Perceived causes of prescribing errors by physicians: A qualitative study
Purpose: To explore physicians’ perceived causes of prescribing errors in Saudi hospitals.
Methods: This qualitative study was conducted in three tertiary hospitals in Riyadh, Saudi Arabia: two academic and one government military hospital. A total of 13 physicians from three hospitals participated in two focus groups. Discussions were audiotaped and transcribed verbatim. Transcripts were analysed using thematic content analysis and categorised into themes of error-producing conditions, latent conditions and both successful and unsuccessful defences, based on Reason’s Accident Causation Model.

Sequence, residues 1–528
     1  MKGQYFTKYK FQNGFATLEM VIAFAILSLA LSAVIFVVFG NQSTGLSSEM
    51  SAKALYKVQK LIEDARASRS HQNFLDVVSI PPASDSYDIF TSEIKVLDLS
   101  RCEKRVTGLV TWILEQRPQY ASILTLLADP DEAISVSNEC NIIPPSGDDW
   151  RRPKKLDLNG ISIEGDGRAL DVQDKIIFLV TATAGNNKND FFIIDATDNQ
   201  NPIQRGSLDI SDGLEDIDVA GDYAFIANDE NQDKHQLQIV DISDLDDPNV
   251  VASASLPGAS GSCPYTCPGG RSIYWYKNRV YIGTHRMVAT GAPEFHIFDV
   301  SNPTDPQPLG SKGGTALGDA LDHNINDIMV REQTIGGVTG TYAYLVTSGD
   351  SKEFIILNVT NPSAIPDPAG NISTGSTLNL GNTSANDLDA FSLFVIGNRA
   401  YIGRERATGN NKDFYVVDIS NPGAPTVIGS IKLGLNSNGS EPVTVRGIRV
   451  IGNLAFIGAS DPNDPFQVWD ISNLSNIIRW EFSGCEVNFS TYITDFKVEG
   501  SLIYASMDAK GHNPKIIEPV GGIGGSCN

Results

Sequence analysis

Results: Error-producing conditions included the prescriber, the work environment, the team, the task, the patient and the computer system. The most commonly cited category related to the prescriber’s skills and knowledge. The most important latent conditions reported were a shortage of clinical pharmacists followed by lack of computerised physician order entry. The major unsuccessful defences were appropriate references and internet facilities, which were often unavailable.
Conclusion: Several causes of prescribing errors were identified. Lack of clinical pharmacists and lack of computerised prescribing systems are the key issues.
Keywords: Prescribing errors, Qualitative study, Computerized prescribing system, Reason’s accident causation model